CENTAUR CO. V. NEATHERY.
have given the name "Castoria," even though it may not have the exclusive right to the use of that name, still the defendant has no right to appropriate the name in connection with a medicine put up in bottles, and having wrappers, and a dressing up of the goods in such a way as that an intending purchaser would be deceived into buying the defendant's "Castoria" when he intended to buy the complainant's. Now, an intending purchaser is not bound to be careful. Even if he has the opportunity of comparing the labels and wrappings, he is not bound to do so. And, indeed, where an article that costs but a few cents is offered upon the market, it is a matter of common knowledge, of which the court will take notice, that an intending purchaser pays little or no attention to it. He sees the name "Castoria," and whether it is the "Castoria" of the plaintiff or that of the defendant is a question that does not, by reason of the small value of the purchase, engage his attention. Unless there is some such marked dissimilarity as that, being acquainted with the complainant's form of putting up its "Castoria," it would at once arouse his suspicion, the 'intending purchaser would be readily deceived into making a purchase of an article that he really did not intend to buy. Now, take this case, as those packages of the complainant and defendant lie there on the table. It is perfectly apparent that if a man came into a drug store, and called for a bottle of "Castoria," and saw the word "Castoria" on those bottles; in many cases, unless the dealer that offered the article for sale was honest enough to draw the intending purchaser's attention to the difference, he would take the one that he did not intend to buy for the one that he went there to purchase. So that whether or not the word "Castoria" is a trade-name, belonging exclusively to the complainant, does not become very material, because the defendant has no right to use the word "Castoria" in connection with such a dressing up of his goods as is calculated to impose upon the unwary and careless. I think the most casual inspection of the wrappings of these packages, their size, their shape, the method of the wrapping, and the general impression from the imprint on them, shows that they do not have such dissimilarity as would arouse the suspicion of a careless or unwary purchaser; and, unless there is such dissimilarity, I understand the law to be that it amounts to evidence of an intended imposition, which ought to be restrained. With that view of the law, there will be a temporary restraining order until the final hearing.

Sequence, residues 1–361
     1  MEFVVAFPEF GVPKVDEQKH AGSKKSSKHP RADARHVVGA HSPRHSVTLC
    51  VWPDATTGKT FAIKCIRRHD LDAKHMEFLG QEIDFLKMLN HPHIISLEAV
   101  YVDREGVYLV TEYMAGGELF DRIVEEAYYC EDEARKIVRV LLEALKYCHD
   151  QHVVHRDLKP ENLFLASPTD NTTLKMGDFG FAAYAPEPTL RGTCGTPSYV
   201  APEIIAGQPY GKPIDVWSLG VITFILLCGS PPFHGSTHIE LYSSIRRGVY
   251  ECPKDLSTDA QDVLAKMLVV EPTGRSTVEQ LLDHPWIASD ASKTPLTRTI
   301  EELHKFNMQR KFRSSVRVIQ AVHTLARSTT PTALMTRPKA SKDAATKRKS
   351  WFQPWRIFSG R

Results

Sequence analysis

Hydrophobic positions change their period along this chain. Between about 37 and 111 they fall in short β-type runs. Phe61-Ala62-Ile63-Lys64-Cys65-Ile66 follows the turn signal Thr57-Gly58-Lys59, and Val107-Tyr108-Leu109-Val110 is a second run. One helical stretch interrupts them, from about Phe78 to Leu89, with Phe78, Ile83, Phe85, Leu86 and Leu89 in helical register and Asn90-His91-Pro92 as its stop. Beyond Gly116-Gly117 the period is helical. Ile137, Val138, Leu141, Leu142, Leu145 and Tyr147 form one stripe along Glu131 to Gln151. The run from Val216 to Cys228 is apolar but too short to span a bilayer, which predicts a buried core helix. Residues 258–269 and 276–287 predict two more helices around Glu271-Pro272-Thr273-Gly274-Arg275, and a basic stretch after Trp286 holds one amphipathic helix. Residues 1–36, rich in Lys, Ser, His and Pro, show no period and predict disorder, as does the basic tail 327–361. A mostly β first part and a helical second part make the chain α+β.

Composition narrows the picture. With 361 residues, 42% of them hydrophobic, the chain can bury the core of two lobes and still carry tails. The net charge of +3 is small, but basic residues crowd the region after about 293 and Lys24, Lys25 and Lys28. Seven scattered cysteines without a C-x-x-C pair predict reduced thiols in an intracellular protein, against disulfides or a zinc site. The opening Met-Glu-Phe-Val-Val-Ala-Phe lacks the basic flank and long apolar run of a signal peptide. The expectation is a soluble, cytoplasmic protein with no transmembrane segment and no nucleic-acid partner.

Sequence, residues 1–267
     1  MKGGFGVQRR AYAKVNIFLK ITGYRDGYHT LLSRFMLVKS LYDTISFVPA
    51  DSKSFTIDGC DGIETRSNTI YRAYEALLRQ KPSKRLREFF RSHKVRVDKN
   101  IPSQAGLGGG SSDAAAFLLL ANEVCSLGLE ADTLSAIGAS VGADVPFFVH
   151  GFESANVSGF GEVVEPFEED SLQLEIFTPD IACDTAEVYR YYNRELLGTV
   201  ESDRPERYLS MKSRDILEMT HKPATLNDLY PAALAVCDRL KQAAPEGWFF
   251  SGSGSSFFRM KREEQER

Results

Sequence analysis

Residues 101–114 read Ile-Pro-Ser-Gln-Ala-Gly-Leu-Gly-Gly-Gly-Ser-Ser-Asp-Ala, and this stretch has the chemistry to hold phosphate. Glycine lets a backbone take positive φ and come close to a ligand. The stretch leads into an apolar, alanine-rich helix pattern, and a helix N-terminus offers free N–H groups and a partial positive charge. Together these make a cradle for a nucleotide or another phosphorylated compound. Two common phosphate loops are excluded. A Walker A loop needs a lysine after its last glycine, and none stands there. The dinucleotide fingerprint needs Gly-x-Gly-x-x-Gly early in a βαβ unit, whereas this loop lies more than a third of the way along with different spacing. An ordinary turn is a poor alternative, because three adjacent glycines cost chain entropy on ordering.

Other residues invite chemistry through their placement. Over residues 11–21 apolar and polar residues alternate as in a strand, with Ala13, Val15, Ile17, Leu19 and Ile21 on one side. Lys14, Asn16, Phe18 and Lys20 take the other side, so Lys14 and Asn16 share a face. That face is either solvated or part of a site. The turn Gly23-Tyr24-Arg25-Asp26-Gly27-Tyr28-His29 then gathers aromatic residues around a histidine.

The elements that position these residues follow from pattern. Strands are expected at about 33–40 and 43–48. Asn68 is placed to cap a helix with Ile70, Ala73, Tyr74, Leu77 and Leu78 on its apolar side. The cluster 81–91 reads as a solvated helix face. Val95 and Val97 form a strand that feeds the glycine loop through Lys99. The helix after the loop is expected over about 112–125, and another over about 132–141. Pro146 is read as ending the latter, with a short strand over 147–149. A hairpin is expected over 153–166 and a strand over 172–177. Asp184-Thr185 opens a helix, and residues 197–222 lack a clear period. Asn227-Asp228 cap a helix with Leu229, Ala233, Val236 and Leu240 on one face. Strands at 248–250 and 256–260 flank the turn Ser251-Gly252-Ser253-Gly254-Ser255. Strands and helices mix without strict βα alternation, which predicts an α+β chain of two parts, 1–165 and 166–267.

CENTAUR CO. v. NEATHERY. (CircuIt Court
Appeals, Fifth Circuit.
December 13, 1898.)
UNFAIR COMPETITION IN TRADE-DECEIVING TIrE PuBLIC-MANUFACTURERS OF CASTORIA.
While the right to manufacture Castoria according to Pitcher's patented process or formula, and the right to sell the manufactured article under the name of "Castoria," is free to the world since the expiration of the patent, yet, in placing It upon the market, the new manufacturer must clearly